You decided to breed your favorite mare. You spent months picking out the perfect stallion to complement your mare so that you can have the foal of your dreams. You got excited when you first saw that black “blob” on the ultrasound monitor screen and got even more excited when there was a heart beat. Then, you got to wait and wait and wait.
All of your waiting and planning over the last eleven months is about to be over.
Important things to remember:
1) There is NO such thing as a due date. Gestation ranges from 320 to 370 days (on average), with many mares foaling at approximately 340 days.
2) Your mare has NOT read the book. While foaling signs are helpful to predict birth, not every mare is going to exhibit every sign (or even any of the signs).
3) If you have your heart set on a black colt, there is a chestnut filly in your future ;)
4) Horses have been delivering foals for countless generations……but it’s always a good idea to have your veterinarian’s phone number on speed dial.
Five signs that your mare is about to foal.
1) The mare’s udder is full – even the nipples. The udder will look shiny. Frequently, blobs of “wax” form on the end of the nipples.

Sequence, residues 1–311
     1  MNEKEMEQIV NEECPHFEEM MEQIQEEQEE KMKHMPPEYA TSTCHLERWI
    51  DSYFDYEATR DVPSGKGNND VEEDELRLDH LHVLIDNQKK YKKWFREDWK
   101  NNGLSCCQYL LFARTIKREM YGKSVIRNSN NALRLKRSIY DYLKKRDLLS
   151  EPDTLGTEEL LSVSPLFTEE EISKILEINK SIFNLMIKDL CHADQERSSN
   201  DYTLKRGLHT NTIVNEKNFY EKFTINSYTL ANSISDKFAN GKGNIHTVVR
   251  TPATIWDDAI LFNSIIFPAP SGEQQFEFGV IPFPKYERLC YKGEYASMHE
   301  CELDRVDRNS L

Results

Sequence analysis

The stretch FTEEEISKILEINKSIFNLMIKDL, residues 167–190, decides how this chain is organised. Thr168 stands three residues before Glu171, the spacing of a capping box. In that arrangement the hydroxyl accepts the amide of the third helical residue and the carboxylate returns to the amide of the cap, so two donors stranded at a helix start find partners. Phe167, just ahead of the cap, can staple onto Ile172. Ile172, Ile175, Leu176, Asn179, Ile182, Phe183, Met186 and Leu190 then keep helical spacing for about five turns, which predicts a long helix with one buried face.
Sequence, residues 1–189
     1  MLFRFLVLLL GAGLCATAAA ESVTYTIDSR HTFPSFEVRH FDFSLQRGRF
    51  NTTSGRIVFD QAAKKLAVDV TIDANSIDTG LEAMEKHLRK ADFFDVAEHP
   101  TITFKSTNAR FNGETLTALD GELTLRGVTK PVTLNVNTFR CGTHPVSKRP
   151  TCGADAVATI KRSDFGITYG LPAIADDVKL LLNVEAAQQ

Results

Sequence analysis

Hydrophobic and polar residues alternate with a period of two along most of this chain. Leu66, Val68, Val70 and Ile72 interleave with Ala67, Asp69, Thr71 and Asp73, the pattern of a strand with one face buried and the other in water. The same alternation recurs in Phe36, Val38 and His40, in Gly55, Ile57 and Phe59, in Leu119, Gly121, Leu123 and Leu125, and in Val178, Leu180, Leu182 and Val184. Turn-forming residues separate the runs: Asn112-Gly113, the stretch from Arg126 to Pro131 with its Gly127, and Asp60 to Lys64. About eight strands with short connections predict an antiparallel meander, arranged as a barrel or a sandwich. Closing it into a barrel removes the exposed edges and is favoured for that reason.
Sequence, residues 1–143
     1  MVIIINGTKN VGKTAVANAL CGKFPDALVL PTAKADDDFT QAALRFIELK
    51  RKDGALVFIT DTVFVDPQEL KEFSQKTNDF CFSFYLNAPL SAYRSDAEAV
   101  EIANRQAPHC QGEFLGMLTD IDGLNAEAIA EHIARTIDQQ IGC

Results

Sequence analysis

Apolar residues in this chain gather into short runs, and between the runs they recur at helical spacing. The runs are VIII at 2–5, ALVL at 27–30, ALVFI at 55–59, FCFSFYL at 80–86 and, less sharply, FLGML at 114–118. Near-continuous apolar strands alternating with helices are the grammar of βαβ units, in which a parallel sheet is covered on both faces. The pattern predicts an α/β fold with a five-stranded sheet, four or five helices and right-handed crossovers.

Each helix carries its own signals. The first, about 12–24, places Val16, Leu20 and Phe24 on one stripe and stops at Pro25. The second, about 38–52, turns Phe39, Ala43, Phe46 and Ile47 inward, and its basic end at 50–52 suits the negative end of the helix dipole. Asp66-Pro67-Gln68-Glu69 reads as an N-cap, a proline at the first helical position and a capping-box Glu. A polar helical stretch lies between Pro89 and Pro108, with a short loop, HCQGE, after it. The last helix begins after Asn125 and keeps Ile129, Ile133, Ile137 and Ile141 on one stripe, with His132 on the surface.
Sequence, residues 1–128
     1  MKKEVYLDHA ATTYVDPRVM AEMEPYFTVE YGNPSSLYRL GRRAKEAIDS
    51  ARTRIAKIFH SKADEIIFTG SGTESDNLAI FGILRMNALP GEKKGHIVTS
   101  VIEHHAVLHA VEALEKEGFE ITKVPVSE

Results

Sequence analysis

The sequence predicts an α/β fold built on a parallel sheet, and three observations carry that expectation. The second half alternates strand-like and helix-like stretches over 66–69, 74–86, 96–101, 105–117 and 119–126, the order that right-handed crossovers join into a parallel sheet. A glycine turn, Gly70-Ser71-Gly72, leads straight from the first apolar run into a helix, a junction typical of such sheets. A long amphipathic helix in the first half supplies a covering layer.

2) The mare looks “slab-sided”. Since the foal has moved into the position for delivery, the mare doesn’t look quite so round and fat.
3) The mare’s tail head becomes extremely soft and relaxed. The vulva also becomes elongated and relaxed.
4) The mare exhibits agitated behavior. Pawing, biting at her sides and pacing around the stall – or pushing her hind end against the wall is not uncommon behavior.
5) The mare is off her feed. Even the most voracious eaters will ignore their meals when delivery is imminent.
Aids for making sure you are there for the birth
1) Foaling monitors – these are alarms that can either be attached to the mare’s halter or sewn into the vulva that monitor either laying down or the beginning of birth
2) Foaling cameras – watch your mare’s every move from the comfort of your home. “Mare Stare” is a popular service that permits people all over the world to foal watch with you.
3) Milk tests – measuring the calcium and/or pH levels in the mare’s milk can give you a window of time where birth should occur.
I am not a veterinarian and urge that you seek the advice of a veterinarian regarding all aspects of your horse’s care and health.